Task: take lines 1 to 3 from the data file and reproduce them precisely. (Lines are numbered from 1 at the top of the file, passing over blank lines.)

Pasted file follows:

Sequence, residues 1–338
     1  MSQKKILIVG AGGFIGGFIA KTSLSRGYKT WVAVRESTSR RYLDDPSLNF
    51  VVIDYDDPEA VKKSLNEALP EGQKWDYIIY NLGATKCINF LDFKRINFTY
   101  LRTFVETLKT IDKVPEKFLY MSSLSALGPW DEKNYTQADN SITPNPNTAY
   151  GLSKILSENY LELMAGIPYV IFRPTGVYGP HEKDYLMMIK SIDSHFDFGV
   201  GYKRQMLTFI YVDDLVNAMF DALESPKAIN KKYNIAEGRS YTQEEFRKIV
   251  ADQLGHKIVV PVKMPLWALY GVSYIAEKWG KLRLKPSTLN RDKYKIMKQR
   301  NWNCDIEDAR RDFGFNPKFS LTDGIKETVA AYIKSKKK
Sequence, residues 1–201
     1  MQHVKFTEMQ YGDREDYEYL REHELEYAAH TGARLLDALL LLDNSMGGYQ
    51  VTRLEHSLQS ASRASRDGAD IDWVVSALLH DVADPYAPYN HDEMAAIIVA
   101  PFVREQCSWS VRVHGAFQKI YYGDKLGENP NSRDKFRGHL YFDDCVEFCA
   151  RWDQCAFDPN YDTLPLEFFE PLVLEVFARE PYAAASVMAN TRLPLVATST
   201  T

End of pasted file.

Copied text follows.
Sequence, residues 1–338
     1  MSQKKILIVG AGGFIGGFIA KTSLSRGYKT WVAVRESTSR RYLDDPSLNF
    51  VVIDYDDPEA VKKSLNEALP EGQKWDYIIY NLGATKCINF LDFKRINFTY